Wednesday, July 27, 2011

Facing the facts

Last fall, a law was passed as part of the Patient Protection and Affordability Care Act requiring all restaurants with 20 locations or more to list calorie information on menus and menu boards for all menu items.  In addition, restaurants would be required to carry the remainder of the nutrition information (fat, saturated fat, sodium, carbohydrate, etc.) in the store.  The enforcement of this law has been delayed, but rumor has it that we will be expecting changes nationally by the end of the year.

A recent study published in the British Medical Journal just made headlines: "1 in 6 changes order when menus list calories." 7,300 New York lunch-time diners were surveyed at 11 fast food chain restaurants 12 months before the law took effect. Nine months after the law became effective, diners were surveyed again.  Calorie intake was reduced by up to 80 calories at the top three restaurants studied.  This is a significant difference, since an intake of 100 calories less per day will result in a ten pound weight loss per year (currently Americans gradually gain weight each year).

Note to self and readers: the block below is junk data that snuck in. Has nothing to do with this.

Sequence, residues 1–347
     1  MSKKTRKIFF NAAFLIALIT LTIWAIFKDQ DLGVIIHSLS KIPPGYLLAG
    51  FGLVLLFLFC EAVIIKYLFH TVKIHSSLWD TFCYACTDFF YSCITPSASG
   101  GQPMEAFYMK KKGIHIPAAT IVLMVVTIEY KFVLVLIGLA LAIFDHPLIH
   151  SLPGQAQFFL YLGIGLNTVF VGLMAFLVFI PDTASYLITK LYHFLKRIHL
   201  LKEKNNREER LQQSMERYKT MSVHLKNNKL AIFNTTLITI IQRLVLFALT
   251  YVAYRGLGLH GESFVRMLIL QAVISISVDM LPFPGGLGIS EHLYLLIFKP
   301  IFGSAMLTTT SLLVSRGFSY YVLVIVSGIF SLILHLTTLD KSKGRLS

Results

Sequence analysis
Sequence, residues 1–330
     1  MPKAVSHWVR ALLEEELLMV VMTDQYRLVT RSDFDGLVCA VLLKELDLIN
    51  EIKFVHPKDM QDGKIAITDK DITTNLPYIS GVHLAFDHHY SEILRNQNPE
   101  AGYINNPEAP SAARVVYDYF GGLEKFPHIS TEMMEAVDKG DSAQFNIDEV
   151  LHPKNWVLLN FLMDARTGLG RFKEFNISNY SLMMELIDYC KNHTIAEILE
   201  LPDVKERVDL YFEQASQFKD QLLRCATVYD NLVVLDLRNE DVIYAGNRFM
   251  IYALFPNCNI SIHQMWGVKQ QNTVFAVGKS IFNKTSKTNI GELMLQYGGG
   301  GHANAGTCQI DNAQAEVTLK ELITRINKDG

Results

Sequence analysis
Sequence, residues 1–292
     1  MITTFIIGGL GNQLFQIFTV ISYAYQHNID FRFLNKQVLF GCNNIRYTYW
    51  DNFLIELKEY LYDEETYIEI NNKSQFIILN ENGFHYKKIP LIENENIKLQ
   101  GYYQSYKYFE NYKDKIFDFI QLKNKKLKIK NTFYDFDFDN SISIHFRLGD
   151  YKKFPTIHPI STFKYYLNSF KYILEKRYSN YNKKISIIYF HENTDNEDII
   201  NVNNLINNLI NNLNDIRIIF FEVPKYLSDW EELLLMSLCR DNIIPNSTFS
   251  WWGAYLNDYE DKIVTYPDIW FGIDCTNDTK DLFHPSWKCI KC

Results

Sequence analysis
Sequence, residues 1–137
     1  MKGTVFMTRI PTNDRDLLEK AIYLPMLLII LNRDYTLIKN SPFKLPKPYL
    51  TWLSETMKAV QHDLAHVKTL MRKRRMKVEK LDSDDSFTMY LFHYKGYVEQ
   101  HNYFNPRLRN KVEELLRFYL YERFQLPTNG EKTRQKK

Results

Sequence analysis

As a health-conscious person and dietitian, I'm totally in favor of the new guidelines.  After years of familiarizing myself with nutrition information, I continue to be shocked by the calorie and fat content of many restaurant foods.  Currently a vast majority of the nutrition information can be found online or on apps, but it can still be difficult to locate in a timely fashion.  Seeing the calories in front of me when I'm placing my order definitely affects my choice.

The good news is that restaurants seem to be listening.  Note the 550 calorie meals at Applebee's, default low-fat milk at Starbucks and the upcoming changes to the McDonald's Happy meal (half-portion of french fries and addition of apple slices).  Still the decision rests in our hands.

So my question to you is: Will your order change when you have to face the facts?